Colorado Springs Aims To Fight Panhandling With New Campaign

Jun 1, 2018

Colorado Springs is launching a new program aimed at stemming panhandling and pushing money toward local aid agencies. City officials say it’s designed to encourage effective giving.

New signs have gone up across the city that read “Handouts Don’t Help,” and offer a number to text to donate directly to service providers. All proceeds go to the Pikes Peak Continuum of Care, a network of local agencies providing housing, food, and other assistance to those experiencing homelessness.

City Council President Richard Skorman says the new campaign aims to guide donations in more accountable directions.

"The dollar that you spend by giving a panhandler money is not always money that’s directed towards a good solution," he explains. "What we know is that when you give a dollar to a great service organization like we have in the community, that money goes directly to helping them."

Signs discouraging donations to panhandlers have been placed across the city.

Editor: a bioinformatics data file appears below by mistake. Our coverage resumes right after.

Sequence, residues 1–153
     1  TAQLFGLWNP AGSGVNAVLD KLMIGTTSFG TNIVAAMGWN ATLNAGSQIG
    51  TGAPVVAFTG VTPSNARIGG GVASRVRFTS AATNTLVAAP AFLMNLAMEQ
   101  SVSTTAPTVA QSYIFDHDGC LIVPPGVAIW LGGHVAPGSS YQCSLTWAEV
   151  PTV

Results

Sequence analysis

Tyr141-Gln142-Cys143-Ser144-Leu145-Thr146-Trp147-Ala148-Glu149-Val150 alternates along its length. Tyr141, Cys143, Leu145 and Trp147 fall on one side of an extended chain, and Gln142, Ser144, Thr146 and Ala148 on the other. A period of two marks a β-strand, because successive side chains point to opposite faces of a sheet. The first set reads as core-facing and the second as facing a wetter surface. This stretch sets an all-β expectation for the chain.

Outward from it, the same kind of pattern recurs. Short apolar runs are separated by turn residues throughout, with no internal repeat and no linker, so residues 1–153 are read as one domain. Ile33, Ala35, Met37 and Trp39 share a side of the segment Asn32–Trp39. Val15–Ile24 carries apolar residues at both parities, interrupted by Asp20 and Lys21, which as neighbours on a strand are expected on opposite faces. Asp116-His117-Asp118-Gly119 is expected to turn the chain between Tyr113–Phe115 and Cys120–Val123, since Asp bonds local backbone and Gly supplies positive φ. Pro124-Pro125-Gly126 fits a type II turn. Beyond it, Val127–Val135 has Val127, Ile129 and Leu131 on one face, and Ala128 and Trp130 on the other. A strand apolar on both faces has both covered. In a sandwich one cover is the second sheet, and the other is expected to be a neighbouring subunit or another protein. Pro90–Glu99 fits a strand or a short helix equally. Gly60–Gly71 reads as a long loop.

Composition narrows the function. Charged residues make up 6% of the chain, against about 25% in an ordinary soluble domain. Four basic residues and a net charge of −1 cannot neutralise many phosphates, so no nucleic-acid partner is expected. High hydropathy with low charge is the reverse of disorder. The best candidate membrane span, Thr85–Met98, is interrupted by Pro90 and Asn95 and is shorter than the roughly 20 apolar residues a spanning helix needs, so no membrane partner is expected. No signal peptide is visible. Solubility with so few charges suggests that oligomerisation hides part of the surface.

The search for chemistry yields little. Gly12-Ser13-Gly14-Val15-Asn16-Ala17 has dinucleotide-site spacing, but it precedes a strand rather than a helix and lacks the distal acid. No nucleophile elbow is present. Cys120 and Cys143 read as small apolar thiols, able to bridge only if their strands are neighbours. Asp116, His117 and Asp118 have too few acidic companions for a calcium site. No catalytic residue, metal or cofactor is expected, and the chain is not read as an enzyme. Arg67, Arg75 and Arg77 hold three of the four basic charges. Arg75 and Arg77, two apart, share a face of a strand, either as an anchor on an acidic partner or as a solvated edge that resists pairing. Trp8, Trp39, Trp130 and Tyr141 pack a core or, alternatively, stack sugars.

Credit City of Colorado Springs

Larry Yonkers, CEO of Colorado Springs Rescue Mission, says he doesn't expect the program to generate a large amount of money, but says that's not the point.

"The point is really how much will it raise awareness in the community that we need to do something. Everybody needs to do something."

Yonkers adds that he isn't categorically opposed to giving money directly to panhandlers, saying that people should "follow whatever they feel in their heart" when it comes to helping those in need. Nevertheless, he stresses that when giving money on the street, "you don't know what's going to happen to it."

The campaign is the latest in a string of efforts aimed at curbing panhandling in the city, including an outright ban on the practice -- which was deemed unconstitutional by the Colorado Supreme Court -- as well as ordinances against lying on sidewalks and standing in certain medians. 

But not everyone agrees that attacking panhandling is the right approach to addressing homelessness in the city. Cathy Alderman with the Denver-based Colorado Coalition for the Homeless, says she worries the effort could dissuade people from giving altogether. 

More info about the campaign is available at helpCOS.org